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Cultivating alternative agriculture.

Cultivating alternative agriculture

If you eat grapes, chances are you've eaten some grown by the Pavich family of Delano, Calif. The Paviches produce 1 percent of U.S. table grapes, some 12,000 tons a year. But consumers who eat Pavich grapes get little else on their fruit, because the family eschews chemical pesticides, herbicides and fertilizers in working its 18,000 acres of vineyards.

Instead, the Anagrus wasp, a natural parasite, controls leafhoppers, a major grape pest. Sulfur dust controls fungal diseases. Workers pull weeds not controlled by a permanent cover of perennial ryegrass and native grasses, periodically chopped. Composted steer manure, not chemical fertilizers, nourishes the soil.

The Pavich Family Farms and 10 other U.S. farms won praise in a Sept. 7 National Research Council report for their use of alternative farming methods. The report, "Alternative Agriculture," endorses a shift in U.S. agricultural policy from a price support system that emphasizes volume production and rewards liberal use of chemicals to one that encourages soil-conserving methods and reduces chemical use.

"One of our committee members called this the third major revolution in agriculture in a centry," says John Pesek of Iowa State University in Ames, who chaired the report committee. Mechanization and hybridization marked the first such revolution, he says, and chemical agriculture the second.

To fuel the new revolution, the report recommends boosting federal funding for alternative-agriculture research from $4.5 million to a least $40 million per year.

Lester R. Brown, president of the Washington, D.C.-based Worldwatch Institute, predicts the report will influence congressional debate over the new farm bill. "This is important not only for what it means for U.S. agriculture, but what we have learned and what we do learn will be beneficial to the entire world, especially developing countries," Brown says.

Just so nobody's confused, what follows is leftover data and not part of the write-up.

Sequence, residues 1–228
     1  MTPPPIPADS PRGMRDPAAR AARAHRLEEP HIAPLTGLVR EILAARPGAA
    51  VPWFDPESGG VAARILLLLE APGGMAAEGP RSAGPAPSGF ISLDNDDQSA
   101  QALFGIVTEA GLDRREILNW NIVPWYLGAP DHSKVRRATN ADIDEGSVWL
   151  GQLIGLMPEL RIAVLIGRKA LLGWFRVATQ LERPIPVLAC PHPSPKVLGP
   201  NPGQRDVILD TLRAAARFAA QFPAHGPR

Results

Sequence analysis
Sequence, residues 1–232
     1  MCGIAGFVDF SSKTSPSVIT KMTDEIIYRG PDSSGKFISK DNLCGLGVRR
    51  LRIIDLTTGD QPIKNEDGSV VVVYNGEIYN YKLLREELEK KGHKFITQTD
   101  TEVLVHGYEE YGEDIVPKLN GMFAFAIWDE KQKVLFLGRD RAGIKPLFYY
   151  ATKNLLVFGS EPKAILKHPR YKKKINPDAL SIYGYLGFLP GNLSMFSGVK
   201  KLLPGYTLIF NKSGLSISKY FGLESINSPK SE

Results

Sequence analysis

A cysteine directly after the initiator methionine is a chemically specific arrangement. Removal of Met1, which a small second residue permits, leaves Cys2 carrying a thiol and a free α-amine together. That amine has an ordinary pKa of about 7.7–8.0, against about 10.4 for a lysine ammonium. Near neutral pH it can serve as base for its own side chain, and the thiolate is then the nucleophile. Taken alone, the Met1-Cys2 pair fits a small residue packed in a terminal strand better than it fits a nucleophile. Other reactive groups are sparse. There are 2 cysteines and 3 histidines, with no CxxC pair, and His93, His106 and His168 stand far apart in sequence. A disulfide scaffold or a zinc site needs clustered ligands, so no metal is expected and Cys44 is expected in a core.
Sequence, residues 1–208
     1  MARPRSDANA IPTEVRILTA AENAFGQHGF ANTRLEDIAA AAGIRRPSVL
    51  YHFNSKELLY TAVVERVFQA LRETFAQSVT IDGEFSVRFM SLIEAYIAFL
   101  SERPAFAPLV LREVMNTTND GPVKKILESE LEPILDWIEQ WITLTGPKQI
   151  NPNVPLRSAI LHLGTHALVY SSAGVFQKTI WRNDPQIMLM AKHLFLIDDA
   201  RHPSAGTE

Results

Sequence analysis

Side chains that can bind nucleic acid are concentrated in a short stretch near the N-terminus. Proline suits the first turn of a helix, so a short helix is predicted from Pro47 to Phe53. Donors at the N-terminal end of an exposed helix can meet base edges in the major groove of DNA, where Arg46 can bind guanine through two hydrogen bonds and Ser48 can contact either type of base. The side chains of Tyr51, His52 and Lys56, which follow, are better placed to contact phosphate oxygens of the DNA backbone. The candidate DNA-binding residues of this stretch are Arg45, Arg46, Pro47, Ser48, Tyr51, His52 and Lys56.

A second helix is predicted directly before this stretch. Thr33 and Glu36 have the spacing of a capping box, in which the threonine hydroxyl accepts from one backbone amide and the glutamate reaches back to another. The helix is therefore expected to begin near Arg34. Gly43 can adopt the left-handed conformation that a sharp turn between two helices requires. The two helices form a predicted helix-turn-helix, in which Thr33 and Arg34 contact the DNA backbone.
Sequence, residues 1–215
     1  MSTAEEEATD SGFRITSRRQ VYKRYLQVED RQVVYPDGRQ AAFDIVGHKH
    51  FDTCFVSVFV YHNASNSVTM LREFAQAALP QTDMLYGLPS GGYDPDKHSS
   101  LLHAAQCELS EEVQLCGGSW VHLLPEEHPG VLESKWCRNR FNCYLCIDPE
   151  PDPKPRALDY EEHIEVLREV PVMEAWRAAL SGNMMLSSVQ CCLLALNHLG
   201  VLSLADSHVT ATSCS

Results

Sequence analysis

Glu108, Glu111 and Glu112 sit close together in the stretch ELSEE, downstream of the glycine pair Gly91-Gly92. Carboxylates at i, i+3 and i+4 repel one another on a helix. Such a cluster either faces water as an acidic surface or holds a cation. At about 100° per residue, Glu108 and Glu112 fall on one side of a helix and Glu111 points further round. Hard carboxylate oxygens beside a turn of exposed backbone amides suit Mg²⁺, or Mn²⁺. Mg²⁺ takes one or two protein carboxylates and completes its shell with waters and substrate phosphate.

As defined in the report, alternative agricultural -- also described as biological, low-input, organic and sustainable -- embraces a variety of systems, including crop rotation, biological pest control, disease prevention in livestock rather than routine use of antibiotics, and genetic improvements to enable crops to resist pests, disease and drought. While agricultural researchers have focused on individual facets of diseases, pests and crops, they haven't done enought to help farmers put the findings to work, according to the report. One exception, the committee notes, is integrated pest management, in which farmers can reduce the need for pesticides through crop rotation, timing of planting and biological pest controls.

Alternative methods require careful attention. For instance, rotating legumes with grain crops can increase soil nitrogen, but the enrichment varies depending on soil chemistry, tillage and legume variety. Manure can contribute nitrogen, phosphorus, potassium and other nutrients to soil, but storing and spreading methods influence nutrient availability.

Robert M. Goodman, executive vice president of research and development at Calgene, Inc., a biotechnology firm in Davis, Calif., says that if the report prompts policy changes, these might create more markets for such products as seeds engineered to resist pests. But he cautions that the report, financed by the W.K. Kellogg Foundation and the Department of Agriculture, among others, won't lead to a "nationwide abstention from agricultural chemicals." Improved management and technology must accompany chemical reductions, he says.

Ron Phillips at the Fertilizer Institute, a trade group in Washington, D.C., criticizes the report's focus on successful case histories and cautions that what works for 11 farms may not work or be wanted by all farmers. The institute endorses farm program changes that give farmers more flexibility to adopt better management practices, he says.
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Title Annotation:farming without pesticides
Publication:Science News
Date:Sep 23, 1989
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